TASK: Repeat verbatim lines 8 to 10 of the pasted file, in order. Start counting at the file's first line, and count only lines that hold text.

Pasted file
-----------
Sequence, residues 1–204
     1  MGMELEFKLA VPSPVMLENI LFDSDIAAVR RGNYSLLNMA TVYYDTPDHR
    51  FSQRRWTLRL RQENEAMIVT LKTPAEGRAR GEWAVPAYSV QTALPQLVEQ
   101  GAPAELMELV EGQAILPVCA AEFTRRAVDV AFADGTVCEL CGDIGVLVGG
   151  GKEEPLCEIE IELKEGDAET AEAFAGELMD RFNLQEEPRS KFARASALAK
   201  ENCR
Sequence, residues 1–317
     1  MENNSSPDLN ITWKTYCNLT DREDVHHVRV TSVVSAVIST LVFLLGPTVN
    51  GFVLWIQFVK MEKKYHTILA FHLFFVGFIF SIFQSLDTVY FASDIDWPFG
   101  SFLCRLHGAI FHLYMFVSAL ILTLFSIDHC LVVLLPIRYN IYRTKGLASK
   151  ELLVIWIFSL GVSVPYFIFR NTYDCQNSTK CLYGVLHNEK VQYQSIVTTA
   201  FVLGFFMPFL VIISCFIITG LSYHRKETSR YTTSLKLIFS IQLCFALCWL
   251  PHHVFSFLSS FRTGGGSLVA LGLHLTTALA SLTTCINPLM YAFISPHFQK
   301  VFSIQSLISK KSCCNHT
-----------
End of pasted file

     1  MENNSSPDLN ITWKTYCNLT DREDVHHVRV TSVVSAVIST LVFLLGPTVN
    51  GFVLWIQFVK MEKKYHTILA FHLFFVGFIF SIFQSLDTVY FASDIDWPFG
   101  SFLCRLHGAI FHLYMFVSAL ILTLFSIDHC LVVLLPIRYN IYRTKGLASK